In this article from our archive, originally published in May 2012, the American violinist Rachel Barton Pine explains how she negotiated the early months of motherhood while maintaining her busy solo career
Rachel Barton Pine gave birth to her daughter Sylvia last September and was back on the road three weeks later.
Pine restarted before baby Sylvia was a month old. ‘I played the complete Mozart concertos in a single concert. I did ask myself, “Couldn’t I just have done easy things, like the Brahms Concerto?” I mostly practised while she slept in those early weeks, and it really expedited my recovery. There’s obviously a fine line, as new mothers have to take the time to recover and not do too much. If I’d worn myself out I could have been ill. But playing music felt like such a healthy thing to do, and it was great to get back to practising. It seemed like time to reconnect with who I am. I was asked whether I was going to take any time off after having the baby, but I had to say, “Performing isn’t what I do, it’s who I am – I can’t take time off from who I am.”’
Pine had worried in her pregnancy that breastfeeding would be very hard going. ‘But it’s what’s recommended to be best for babies nutritionally, so I thought I should try it. And it’s been much more convenient than carrying bottles about for travelling – when my flight’s delayed or the luggage is lost, I know I can still feed my baby. It does take a bit of extra planning. It hasn’t stopped me from doing any of my radio interviews, outreach work or masterclasses, but I make sure I know when I’ll get a 20-minute break to nurse Sylvia.’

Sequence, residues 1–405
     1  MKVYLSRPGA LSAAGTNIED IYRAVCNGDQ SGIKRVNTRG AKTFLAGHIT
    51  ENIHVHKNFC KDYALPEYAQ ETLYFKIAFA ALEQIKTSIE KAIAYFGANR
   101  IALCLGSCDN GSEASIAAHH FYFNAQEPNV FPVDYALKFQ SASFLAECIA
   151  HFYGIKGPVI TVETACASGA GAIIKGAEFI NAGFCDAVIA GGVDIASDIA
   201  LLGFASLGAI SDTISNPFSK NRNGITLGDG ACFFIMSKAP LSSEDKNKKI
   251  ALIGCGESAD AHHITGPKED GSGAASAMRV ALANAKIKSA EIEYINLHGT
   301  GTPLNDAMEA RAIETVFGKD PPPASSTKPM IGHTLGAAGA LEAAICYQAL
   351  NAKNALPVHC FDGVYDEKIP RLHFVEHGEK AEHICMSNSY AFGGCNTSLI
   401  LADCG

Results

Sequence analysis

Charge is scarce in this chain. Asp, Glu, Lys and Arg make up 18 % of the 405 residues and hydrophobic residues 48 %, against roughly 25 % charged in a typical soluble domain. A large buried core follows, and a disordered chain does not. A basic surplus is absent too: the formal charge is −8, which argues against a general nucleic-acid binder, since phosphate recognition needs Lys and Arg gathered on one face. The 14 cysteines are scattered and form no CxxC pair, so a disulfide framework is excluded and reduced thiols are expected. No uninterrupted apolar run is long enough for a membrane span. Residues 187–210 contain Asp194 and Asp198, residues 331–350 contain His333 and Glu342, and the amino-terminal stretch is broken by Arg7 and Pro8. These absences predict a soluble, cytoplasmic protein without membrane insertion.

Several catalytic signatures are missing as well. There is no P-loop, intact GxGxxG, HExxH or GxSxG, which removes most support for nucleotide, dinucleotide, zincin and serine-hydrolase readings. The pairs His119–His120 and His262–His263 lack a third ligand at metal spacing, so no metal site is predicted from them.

Taking children on tour is often a necessity in the very early days. Pine is lucky in that her husband has always toured with her, but she takes along a nanny too. ‘Air travel can be tricky. The violin is a bit like a child too – you can’t ignore it on a plane journey until you’ve put the stroller back together. Greg can watch the violin while the nanny watches the luggage and I watch the baby!’
Many soloists dread how managers and record companies will react to the news that they’re starting a family. ‘I was very, very afraid, to make that phone call and tell my new management agency that I was expecting,’ says Pine. ‘I didn’t want to give them the impression that I wasn’t serious about my career. The baby was due last September and of course that’s when all the season-opening concerts are – I had to cancel them all. But the agency couldn’t have been more understanding. They said they’d see if the orchestras could do the concerts a year later – they really made it seem no big deal.’